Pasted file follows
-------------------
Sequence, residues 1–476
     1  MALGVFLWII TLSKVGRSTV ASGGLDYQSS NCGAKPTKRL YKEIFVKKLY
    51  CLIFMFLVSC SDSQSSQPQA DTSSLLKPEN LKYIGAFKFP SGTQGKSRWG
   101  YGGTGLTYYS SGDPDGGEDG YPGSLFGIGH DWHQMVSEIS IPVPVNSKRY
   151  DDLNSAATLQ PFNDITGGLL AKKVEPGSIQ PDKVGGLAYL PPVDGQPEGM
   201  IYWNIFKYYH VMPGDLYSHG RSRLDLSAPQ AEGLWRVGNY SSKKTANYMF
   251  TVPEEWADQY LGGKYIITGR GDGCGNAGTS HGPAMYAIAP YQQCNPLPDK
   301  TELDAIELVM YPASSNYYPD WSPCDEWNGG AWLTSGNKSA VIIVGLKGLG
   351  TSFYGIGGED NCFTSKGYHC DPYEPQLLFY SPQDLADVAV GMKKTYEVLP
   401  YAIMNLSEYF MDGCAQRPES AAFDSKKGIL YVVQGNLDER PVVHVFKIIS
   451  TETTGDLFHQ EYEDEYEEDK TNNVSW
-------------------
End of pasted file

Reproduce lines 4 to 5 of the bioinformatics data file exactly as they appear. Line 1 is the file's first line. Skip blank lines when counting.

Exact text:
   101  YGGTGLTYYS SGDPDGGEDG YPGSLFGIGH DWHQMVSEIS IPVPVNSKRY
   151  DDLNSAATLQ PFNDITGGLL AKKVEPGSIQ PDKVGGLAYL PPVDGQPEGM